10 Jun 2013
Early retirement sees former JDSU chief operating officer take over as the photonic component firm’s new CEO.
Alain Couder, the Oclaro CEO who oversaw two major acquisitions and the company’s re-branding from its previous guise of Bookham, has retired with immediate effect.
The Nasdaq-listed manufacturer of photonic chips and components has appointed existing board member Greg Dougherty, who joined Oclaro via the firm’s 2009 deal to buy Avanex, as its new CEO.
The switch, which comes more than a year before the retirement date identified in Couder’s employment contract with Oclaro, follows a worse-than-expected performance in the company’s latest financial quarter. After posting a net loss of $41.5 million, Oclaro’s executives told investors that they would be selling off parts of the business in order to repay some debts.
67-year-old Couder took over at what was then known as Bookham back in July 2007, at which point the company was in similarly difficult circumstances. After completing the drawn-out acquisition of Avanex in 2009, Bookham was subsequently renamed “Oclaro”, and another major acquisition – this time of Opnext – followed last year.
An Oclaro filing with the US Securities & Exchange Commission (SEC) from August 1, 2012, highlighted a new deal for Couder at the time, stating: “Following the closing of our acquisition of Opnext, we and our chairman and CEO, Alain Couder, agreed upon a plan by which Mr. Couder will continue as our chairman and CEO until June 30, 2014, when he will retire from the position of CEO.”
Dougherty steps up
The new arrangement also sees Marissa Peterson take over as the chairman of Oclaro’s board of directors. In a statement, she said: “On behalf of the entire board, we thank Alain Couder for his contributions to Oclaro. Since joining the company in 2007, Alain has played an important role in transforming the company from a small optical component company called Bookham into an industry leader.”
Pointing out the current predicament, Peterson added: “As we look ahead, Oclaro's new CEO Greg Dougherty brings significant operational experience in the optical industry. We look forward to working closely with Greg as we navigate through the current challenging financial situation.”
Dougherty has an extensive background in optics and photonics. The University of Rochester graduate was director of product management and marketing at Lucent Technologies Microelectronics for eight years before joining diode laser specialist SDL as chief operating officer in 1997 and subsequently filling the same role following the company’s merger with JDSU in 2001 – at which point the optical telecommunications bubble was about to burst.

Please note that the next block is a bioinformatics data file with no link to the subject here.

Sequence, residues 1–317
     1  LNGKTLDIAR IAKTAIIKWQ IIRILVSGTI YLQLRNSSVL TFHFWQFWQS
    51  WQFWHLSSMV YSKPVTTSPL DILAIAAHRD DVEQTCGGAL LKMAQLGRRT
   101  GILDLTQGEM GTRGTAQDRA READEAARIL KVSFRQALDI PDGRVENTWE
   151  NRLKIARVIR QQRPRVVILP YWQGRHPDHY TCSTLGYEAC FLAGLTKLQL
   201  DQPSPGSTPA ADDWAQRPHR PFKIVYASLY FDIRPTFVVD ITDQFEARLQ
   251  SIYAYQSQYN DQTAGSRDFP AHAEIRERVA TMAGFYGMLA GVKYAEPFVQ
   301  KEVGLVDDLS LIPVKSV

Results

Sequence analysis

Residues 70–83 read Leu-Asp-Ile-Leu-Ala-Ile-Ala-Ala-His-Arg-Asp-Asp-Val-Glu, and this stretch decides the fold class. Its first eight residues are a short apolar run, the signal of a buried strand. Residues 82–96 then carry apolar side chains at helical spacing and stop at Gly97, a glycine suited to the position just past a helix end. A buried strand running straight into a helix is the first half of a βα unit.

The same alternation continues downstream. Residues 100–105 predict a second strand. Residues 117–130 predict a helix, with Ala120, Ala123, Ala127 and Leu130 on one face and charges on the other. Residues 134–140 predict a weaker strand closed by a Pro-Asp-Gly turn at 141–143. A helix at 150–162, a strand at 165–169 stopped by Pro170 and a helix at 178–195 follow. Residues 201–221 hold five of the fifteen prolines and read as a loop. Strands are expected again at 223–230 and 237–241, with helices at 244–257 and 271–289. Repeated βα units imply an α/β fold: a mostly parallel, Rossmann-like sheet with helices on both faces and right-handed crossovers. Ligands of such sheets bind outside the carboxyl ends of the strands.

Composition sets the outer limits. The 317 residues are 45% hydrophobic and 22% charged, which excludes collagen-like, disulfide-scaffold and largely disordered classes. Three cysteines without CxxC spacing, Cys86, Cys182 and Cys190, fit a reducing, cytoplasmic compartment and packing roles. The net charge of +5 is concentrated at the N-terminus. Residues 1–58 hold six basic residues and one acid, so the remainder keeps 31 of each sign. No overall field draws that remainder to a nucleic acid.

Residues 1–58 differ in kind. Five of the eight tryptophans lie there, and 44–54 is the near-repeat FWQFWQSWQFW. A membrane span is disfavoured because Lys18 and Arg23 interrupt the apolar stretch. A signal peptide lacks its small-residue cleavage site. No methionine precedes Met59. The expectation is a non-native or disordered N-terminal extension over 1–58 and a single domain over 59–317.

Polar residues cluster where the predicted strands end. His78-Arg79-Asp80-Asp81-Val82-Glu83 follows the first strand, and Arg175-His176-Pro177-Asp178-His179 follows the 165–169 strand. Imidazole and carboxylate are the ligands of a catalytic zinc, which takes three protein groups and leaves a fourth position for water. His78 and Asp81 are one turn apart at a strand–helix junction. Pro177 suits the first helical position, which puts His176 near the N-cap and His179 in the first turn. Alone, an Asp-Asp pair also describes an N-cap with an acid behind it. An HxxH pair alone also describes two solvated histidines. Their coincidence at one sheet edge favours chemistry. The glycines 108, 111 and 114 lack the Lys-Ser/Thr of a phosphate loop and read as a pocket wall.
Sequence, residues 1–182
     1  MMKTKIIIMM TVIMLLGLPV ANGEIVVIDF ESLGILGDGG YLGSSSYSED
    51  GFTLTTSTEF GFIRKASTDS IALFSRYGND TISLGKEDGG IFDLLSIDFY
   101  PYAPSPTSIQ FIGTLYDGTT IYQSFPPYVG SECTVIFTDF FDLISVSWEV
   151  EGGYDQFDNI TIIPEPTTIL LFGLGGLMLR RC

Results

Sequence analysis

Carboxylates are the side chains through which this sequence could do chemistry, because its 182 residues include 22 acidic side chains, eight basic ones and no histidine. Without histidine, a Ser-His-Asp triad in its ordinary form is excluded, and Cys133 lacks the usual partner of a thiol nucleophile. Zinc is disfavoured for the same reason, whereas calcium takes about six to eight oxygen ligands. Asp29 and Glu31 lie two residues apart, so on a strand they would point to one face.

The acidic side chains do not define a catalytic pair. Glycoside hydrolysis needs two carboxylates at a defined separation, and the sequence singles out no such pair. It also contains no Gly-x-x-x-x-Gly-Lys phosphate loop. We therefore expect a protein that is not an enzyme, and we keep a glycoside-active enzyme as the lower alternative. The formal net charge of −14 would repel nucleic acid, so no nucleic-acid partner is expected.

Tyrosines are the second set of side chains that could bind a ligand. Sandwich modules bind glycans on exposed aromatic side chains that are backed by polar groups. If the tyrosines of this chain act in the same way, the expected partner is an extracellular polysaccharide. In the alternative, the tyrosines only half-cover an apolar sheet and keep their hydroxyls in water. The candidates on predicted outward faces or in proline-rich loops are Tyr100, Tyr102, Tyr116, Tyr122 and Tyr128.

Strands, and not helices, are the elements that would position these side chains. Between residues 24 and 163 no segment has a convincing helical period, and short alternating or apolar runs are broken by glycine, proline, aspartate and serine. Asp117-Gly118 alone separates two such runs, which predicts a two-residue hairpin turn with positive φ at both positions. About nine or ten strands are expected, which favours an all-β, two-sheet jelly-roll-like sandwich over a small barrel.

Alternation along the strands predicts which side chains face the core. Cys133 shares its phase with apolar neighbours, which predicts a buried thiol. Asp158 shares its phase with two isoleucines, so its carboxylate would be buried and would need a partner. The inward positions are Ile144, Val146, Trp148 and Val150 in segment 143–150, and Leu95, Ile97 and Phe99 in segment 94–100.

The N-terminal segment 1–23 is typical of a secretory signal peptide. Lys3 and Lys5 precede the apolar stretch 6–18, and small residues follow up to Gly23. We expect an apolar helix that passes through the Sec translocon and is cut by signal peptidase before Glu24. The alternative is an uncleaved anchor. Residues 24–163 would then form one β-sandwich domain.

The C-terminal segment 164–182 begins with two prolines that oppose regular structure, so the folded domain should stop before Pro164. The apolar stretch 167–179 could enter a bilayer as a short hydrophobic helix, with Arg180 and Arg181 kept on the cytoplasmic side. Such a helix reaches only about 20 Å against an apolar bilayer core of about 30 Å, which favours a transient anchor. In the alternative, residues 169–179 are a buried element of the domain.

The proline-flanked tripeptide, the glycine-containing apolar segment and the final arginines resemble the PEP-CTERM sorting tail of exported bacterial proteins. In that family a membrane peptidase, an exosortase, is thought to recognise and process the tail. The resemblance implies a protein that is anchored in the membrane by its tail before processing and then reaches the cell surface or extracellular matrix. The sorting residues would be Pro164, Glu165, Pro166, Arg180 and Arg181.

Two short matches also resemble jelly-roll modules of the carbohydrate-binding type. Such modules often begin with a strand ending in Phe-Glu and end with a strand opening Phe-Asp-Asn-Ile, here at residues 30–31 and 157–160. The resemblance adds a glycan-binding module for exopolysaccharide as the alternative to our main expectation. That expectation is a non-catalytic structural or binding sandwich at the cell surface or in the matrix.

After that, Dougherty became CEO of the laser spectroscopy specialist Picarro for a year, before joining Avanex in 2005.
The new Oclaro CEO hinted at impending restructuring efforts, stating: “Oclaro has amassed an extensive technology and product portfolio, and I am honored to join its talented team. My focus will be to harness those powerful assets to their fullest potential, by accelerating efforts to simplify the company [Ed. - emphasis added] and strengthen our execution; and by focusing on developing and implementing a profitable operating model.”
Dougherty added: “My goal is to solidify our position as a leader in the optical industry and to be the preferred supplier to our customers around the world.”
Best and brightest
Couder leaves nearly six years after announcing his intention to transform the struggling company into one showing profitable growth and an operating margin of 10%.
In fiscal year 2007, just as Couder was hired, the company posted a net loss of $82.2 million on sales of $202.8 million, highlighting the scale of the challenge. By fiscal 2010, following the Avanex merger, that had turned into a net income of $12.4 million on annual sales of $392.5 million.
More recent financial years, partly due to the effects of the devastating floods that hit Thailand – and Oclaro’s manufacturing partner Fabrinet – in late 2011 do not show that level of performance. But Couder’s impact on Oclaro has certainly been transformational.
In the company’s statement on his departure, the retiring Frenchman said: “In my career I have had the privilege to work with some of the technology industry's best and brightest people.”
"Oclaro has been one of the highlights. With its amazing talent, technology and products, Oclaro can have a substantial impact on the world. As I move on to retirement, I am confident that Oclaro is in good hands under the continued leadership of Greg Dougherty and the exceptional team we have in place."